B2B Marketing Blog

Written by Lisa Shepherd
on June 29, 2012

If I had to sum up the secret behind building a persuasive B2B brand, I would say the key is hard work and persistence. A lot of effort is involved in getting the level of recall that will push you towards leadership in your field.

For starters, you need to conduct a thorough assessment of your competition, customers' needs, and current abilities and then answer the following:

  • How can you differentiate yourself from the competition?
  • How can you give potential customers a reason to do business with you?
  • How can you communicate an accurate image of your company's capabilities?

When developing your brand strategy, the following areas must be considered:

  1. Competition “Know your competition” has been in numerous Mezzanine blogs, and it couldn’t be truer when developing a B2B brand. Knowing your competitors' positioning is vital in creating a brand that differentiates your company. Too often companies take the “me too” approach to branding. They say, “we can do that and do it even better,” but this is a really hard message to deliver convincingly. Your goal should be inspiring the audience, to build confidence in them and touch a cord that moves them. Caterpillar doesn’t tell you that they have the fastest, most efficient, and sturdiest products in the market place, they simply say that they “drive positive change on every continent” – now doesn’t that move you to find out more?
  2. Focus – Though you may have 24 products in your line (as Caterpillar does), all you need to focus on is a single brand – your company’s. A corporate brand (rather than individual product brands) is more manageable for your audience and creates the “following” you want. Once you communicate the message of what differentiates your company from the competition, that message will transcend across all products/services. The recognition you've established will flow to all areas of your business. Remember, brands evoke feelings, emotions, and actions. Spend time building the brand elements that contribute to the feelings you want to arouse.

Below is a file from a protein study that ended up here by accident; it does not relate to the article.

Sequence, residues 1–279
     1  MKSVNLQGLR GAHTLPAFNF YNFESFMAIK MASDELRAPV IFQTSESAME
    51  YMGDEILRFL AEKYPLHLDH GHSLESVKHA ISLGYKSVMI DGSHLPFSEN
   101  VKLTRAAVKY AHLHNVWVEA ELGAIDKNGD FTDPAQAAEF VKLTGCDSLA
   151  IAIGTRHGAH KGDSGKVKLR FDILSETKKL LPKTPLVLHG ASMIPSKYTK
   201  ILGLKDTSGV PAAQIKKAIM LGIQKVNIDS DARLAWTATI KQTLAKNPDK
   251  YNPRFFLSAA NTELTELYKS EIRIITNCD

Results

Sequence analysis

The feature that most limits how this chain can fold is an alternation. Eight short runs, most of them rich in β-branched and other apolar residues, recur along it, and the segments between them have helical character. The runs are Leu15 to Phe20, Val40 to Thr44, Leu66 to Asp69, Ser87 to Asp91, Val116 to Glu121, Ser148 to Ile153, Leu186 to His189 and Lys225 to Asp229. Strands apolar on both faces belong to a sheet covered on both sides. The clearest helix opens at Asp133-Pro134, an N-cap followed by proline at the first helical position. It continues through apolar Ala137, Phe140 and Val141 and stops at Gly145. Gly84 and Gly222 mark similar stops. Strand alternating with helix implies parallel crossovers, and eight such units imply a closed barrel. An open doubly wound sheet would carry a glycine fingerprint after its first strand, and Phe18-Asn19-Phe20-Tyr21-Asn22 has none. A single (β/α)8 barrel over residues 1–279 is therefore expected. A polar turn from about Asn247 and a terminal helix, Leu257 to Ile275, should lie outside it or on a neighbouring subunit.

3. Consistency Your company's message and image must remain consistent across all brand elements. As mentioned in the first post of this series, The Importance of Brand Development for B2B Companies, familiarity breeds confidence. The goal is to communicate a positive, accurate, and memorable image of your company. Don’t skimp in any area. Figure out your messaging (something we can really help you with at the Mezzanine Group) and ensure everything is aligned to create the uniformity that your audience will embrace.
  4. Top Down Brand image starts from the top and moves down. If leadership projects the company’s image as whimsical and imaginative, then your brand image will be whimsical and imaginative. Your brand lives within your owners, stakeholders, employees, and representatives, so feed your team with the elements you want conveyed and set them free. They will deliver the message in everything they do.

Remember, a strong brand is not developed over night. It can take years of effort and grooming before it fully takes shape. Check in regularly to ensure your brand message is significant to the market. Your clients' businesses change constantly, and your brand image needs to evolve alongside them.

Join me next month for my final post in the series: Elements of Brand Building.

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